Clynelish Distillery Co. White Label 1920s
We thought we’d give you a sneak preview of one of the bottles coming up in next week’s auction - for the simple reason that this is one of the most exciting bottles we’ve found all year and we couldn’t wait to tell you about it.
Old bottles of Clynelish are always great to find, especially the wonderful old white label bottles from the original Clynelish distillery that later became Brora. Brora was closed in 1983 and was presumed permanently lost for most of the last few decades, but Diageo announced plans to revive it in 2017 and in 2021 the stills were finally fired up again after a hiatus of almost forty years.
It’ll be a good few years until we see how the new Brora spirit shapes up, but in the meantime it seems unlikely that prices for the classic bottles of original Clynelish and Brora will be much affected. We’re certainly expecting a lot of interest for this fabulous bottle of Clynelish we picked up in Scotland this week.
At first glance it seems like the standard old Clynelish white label bottlings - but there’s a couple of differences that make this particular Clynelish white label a fascinating artefact and the rarest Clynelish we’ve ever had at Whisky-Online.
For starters, where’s the famous lion symbol? The original red winged lion we all know from Clynelish came from another of former Clynelish parent company James Ainslie’s blends, Glen Lion (many thanks to Serge Valentin for that titbit of trivia). It was also used on other Ainslie blends and of course it graces all the Ainslie & Heilbron white label Clynelish bottlings we’ve seen before, but this bottle doesn’t have it - instead there’s a simple logo: C D Coy Ltd.
But what is C D Coy Ltd? The answer is found on the bottle’s capsule, which states: Proprietors Clynelish Distillery Co Ltd, Edinburgh (Coy. is an archaic abbreviation for Company, by the way). This is hugely significant and is of great help with dating this wonderful bottle.
The Clynelish Distillery Company Ltd (CDC) was formed in December 1912 after Clynelish’s previous parent company James Ainslie & Co. fell into financial trouble and brothers Thomas and James Ainslie, who owned half of Clynelish distillery, both retired. The remaining shareholder, John Risk, transferred the Ainslies’ shares in Clynelish to Distillers Company Ltd (DCL) and founded Clynelish Distillery Company Ltd as equal partners with DCL. In 1916 the share capital was increased by 50% when John Walker & Sons became a partner in Clynelish Distillery Company, with Sir Alexander Walker joining the board. This meant that Walker & Sons, DCL and Risk each held a third of the shares in the distillery.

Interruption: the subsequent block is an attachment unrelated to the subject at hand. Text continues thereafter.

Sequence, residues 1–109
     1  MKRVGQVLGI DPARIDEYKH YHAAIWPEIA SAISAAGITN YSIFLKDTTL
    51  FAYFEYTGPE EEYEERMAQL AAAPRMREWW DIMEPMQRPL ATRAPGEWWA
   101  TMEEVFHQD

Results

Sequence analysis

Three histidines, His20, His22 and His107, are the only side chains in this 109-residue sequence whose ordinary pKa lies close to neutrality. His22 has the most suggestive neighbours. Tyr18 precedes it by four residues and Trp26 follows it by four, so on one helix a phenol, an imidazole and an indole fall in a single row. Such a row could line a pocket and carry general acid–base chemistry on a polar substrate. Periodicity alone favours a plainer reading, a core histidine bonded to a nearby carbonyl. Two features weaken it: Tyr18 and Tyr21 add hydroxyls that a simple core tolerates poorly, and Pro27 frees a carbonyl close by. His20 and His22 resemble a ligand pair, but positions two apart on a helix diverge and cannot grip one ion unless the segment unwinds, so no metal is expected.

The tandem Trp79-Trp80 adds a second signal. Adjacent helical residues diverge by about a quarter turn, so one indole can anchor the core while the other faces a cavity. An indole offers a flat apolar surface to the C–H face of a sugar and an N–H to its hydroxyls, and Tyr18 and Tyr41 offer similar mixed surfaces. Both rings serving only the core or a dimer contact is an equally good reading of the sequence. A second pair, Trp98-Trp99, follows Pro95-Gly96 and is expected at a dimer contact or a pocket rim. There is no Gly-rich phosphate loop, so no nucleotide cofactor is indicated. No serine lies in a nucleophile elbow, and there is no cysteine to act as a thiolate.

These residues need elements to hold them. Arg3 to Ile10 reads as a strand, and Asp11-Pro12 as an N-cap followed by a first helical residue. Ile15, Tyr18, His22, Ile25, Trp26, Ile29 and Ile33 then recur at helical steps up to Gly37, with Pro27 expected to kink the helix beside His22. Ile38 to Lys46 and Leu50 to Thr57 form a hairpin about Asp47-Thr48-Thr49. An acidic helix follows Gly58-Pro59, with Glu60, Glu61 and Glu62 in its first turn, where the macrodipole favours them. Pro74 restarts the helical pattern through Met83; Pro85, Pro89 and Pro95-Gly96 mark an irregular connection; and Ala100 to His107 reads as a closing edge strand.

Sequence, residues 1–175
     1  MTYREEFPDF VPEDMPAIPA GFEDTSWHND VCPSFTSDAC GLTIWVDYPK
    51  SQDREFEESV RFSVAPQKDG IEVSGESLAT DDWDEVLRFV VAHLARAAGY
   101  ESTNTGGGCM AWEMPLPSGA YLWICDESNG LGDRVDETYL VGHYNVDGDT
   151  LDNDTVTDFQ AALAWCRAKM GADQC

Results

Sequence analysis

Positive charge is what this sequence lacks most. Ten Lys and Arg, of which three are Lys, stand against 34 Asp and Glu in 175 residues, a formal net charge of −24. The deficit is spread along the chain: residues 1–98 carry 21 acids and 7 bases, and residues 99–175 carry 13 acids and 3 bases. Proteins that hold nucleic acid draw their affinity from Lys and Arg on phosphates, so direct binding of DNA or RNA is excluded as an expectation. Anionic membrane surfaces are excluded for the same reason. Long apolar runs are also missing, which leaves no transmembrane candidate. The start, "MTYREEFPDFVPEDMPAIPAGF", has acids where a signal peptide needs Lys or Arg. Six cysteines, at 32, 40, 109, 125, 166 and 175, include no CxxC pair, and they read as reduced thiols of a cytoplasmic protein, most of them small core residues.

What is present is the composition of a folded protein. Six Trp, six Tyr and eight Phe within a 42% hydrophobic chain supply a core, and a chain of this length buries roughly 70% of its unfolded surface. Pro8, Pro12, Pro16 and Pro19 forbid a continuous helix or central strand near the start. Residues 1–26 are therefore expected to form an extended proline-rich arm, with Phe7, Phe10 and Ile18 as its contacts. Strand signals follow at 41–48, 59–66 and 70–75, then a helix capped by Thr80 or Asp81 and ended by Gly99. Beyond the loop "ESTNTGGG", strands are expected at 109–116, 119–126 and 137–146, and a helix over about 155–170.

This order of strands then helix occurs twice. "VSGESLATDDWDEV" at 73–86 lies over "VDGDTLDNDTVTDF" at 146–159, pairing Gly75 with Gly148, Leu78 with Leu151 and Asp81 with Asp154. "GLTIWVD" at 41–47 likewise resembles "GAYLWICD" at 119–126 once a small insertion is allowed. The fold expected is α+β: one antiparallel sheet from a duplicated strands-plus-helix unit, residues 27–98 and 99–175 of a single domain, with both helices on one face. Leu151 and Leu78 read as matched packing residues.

The next major development came in 1925 when John Risk sold his shares in Clynelish Distillery Company to DCL, making DCL two-thirds owner and John Walker and Sons the only other shareholder. John Walker & Sons themselves became part of DCL the same year, so DCL had de facto 100% ownership of Clynelish from then on.
Serge’s wonderful Brora history pages (to which this blog is naturally very heavily indebted) tell us that around 1925-1930 DCL bought the remaining shares in Clynelish from John Walker & Son, and transferred ownership of Clynelish to their Scottish Malt Distillers subsidiary, at which point it can be assumed that the Clynelish Distillery Company ceased to exist.
Around the same time, Clynelish’s licence was transferred to the Ainslie & Heilbron subsidiary, which DCL had acquired in 1926, and the first of the well-known white label Ainslie & Heilbron bottlings of Clynelish appeared in the early 1930s. In other words, this bottle of Clynelish must have been released no earlier than December 1912 and no later than 1930.
But there's more - just as with the wonderful 1920s Banff bottle we found last year, the glass code on the bottle helps us to narrow these dates further. The bottle code is A4E C4 UGB, with A4E being the style code for this particular bottle. The letter underneath is the letter used to determine which plant the bottle was produced at, so in this case the C means that this glass bottle was produced at the Charlton plant in London which started production in 1921. U G B is the manufacturer - United Glass Bottle.
We can therefore state pretty definitively that this bottle was produced at some point between 1921-1930, which makes sense as the label design is very similar to the Ainslie & Heilbron white label editions that followed immediately afterwards.
This timeframe fits perfectly with the provenance of our bottle, which was gifted to the vendor’s father, who was a postman, in the 1930s. Originally there were two bottles of this whisky in the family, but one of them was opened and later gifted to a relative after the death of the vendor’s father. This remaining bottle came to the vendor from his mother and will be going under the hammer in our extended Christmas auction, which begins on Wednesday 21st December and runs until Wednesday 4th January 2023.
This fabulous bottle of old Clynelish is a fascinating piece in the jigsaw of the distillery’s complex history. It’s one of the rarest and most beautiful Clynelish bottles we’ve ever had at Whisky-Online, and we’re deeply grateful for the privilege of putting it up for auction. Bid now on this amazing 1920s Clynelish.
If you are not already a registered member of our auction, you can create an account here.
Serge Valentin, Whiskyfun: The Magical History of the Great Brora Distillery
Philip Morrice: The Schweppes Guide to Scotch
Brian Townsend: Scotch Missed: The Lost Distilleries of ScotlandScotchwhisky.com: Ainslie & Heilbron Distillers